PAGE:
Don Letts, a British-born Jamaican was largely responsible for this intermingling of sounds. As a DJ at The Roxy, the first punk club in Britain, Letts spun mostly dub records, introducing the dub bassline to a predominately white punk crowd. These punks were highly receptive to dub music, and it showed. Compare The Slits’ 1979 hit “Spend, Spend, Spend” to any early dub record, and the similarities are uncanny.  Not only did this dub-punk fusion change the British punk sound, it made its way across the Atlantic and manifested itself through a group of four punks from Washington, D.C. — the Bad Brains. 

Long prior to the Bad Brains, there was Death — one of the first actual punk bands, which was exclusively Black. Formed in Detroit in 1971 by the Hackney brothers, Death played some of the loudest, fastest, and most politically motivated music of the time, paving the way for The Ramones who emerged 3 years later in 1974 and the Sex Pistols who formed nearly half a decade later in 1976. So why is it that Joey Ramone and Johnny Rotten are the posterboys for early punk and not Bobby Hackney?

A variety of factors are at play in regard to this question; however, perhaps the most significant is the fact that punk largely appealed to a white audience, at least in the United States. As a result, white youth most likely identified more with the Johnny Rottens and Joey Ramones of the scene who they perceived to embody their struggles more than a Black singer.

Death via Drafthouse Films

But back to the badass Bad Brains. In 1977, they became one of the most prolific and influential punk bands to date, pioneering what is considered hardcore punk. Through their blisteringly fast riffs, frontman, H.R.’s on-stage gymnastics, and their philosophy of keeping a positive mental attitude, or P.M.A., the Bad Brains completely changed the trajectory of punk.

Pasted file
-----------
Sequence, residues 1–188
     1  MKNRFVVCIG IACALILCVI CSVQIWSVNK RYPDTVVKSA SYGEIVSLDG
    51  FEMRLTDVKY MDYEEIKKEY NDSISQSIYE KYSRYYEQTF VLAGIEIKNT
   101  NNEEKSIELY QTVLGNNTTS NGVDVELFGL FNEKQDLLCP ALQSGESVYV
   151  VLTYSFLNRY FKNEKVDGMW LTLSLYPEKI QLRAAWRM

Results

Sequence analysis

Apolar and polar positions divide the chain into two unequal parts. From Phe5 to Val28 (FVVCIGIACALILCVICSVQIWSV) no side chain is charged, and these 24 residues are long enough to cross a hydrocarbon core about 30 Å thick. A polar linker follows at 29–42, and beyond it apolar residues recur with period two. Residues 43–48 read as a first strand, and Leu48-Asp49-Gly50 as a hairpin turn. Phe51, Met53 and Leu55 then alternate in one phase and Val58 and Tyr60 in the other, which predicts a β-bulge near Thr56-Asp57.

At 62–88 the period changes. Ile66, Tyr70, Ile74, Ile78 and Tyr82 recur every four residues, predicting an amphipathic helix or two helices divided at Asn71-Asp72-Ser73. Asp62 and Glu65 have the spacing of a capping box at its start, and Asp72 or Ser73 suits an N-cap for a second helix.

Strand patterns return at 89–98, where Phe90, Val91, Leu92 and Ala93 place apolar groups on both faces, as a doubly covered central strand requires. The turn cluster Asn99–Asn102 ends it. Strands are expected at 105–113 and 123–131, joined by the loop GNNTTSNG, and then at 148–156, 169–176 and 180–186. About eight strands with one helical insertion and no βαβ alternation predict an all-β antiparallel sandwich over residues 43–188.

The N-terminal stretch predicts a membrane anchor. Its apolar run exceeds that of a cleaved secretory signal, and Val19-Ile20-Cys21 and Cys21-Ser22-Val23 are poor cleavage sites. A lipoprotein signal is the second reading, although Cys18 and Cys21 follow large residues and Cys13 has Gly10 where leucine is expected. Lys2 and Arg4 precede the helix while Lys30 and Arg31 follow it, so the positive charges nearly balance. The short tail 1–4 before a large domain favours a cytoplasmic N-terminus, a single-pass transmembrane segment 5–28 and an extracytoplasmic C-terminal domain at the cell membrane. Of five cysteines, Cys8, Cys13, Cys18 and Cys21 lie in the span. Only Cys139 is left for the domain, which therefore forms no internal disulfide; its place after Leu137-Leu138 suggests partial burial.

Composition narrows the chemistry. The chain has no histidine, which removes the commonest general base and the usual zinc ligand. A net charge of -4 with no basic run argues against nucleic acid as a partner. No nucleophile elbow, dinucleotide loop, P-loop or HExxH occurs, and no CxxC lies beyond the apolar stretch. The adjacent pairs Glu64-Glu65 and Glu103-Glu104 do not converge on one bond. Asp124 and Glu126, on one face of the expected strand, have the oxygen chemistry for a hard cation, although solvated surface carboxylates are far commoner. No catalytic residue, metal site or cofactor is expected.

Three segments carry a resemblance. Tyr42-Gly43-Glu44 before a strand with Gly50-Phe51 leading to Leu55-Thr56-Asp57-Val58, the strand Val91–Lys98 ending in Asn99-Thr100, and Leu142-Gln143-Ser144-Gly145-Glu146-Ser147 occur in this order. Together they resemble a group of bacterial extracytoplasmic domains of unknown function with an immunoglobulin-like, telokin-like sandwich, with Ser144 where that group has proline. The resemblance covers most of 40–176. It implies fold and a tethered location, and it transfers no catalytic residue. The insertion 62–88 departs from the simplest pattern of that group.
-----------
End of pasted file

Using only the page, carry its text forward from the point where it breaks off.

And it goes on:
Bad Brains via Maryland Film Festival

So if Black people pioneered and heavily influenced punk, why is it sometimes associated with racism and white supremacy? This is a classic example of the few ruining something for the many. Like many movements before it, punk was misinterpreted and misconstrued to fit a radical narrative which it was never intended to. In the case of punk, this was exceptionally easy as the punk genre and subculture preach individual-thought and are based on essentially no guidelines. For this reason, punk is hard to define and characterize, making even to this day, anything remotely DIY or fast-sounding branded as punk.

Black and white skinhead youth in High Wycombe, England in 1981 (Photo by Gavin Watson)

Racists ran with this and used it as a new, effective way to spread their hateful agenda. The beginning of racists’ appropriation of punk can be traced to the Oi! subgenre which emerged in the United Kingdom during the late 1970s and aimed to unite punks, skinheads, and predominately white working class youth. Oi! was not explicitly racist, however, its appeal to the skinhead subculture, which was experiencing its own racist appropriation led to the emergence of genres like Nazi-punk, which went against everything punk originally stood for.

With this, British punk’s multicultural foundation faded, and racist punk began to gain traction, even spreading to the United States’ hardcore punk scene in the 1980s. Nazi-punks were not punks at all, as punk stood for equality and acceptance for all, and most notably, free-thought, which Nazism clearly rejects. Punks with a good grasp of the true punk ideology, including Henry Rollins of the California hardcore punk band, Black Flag realized this and acted against it.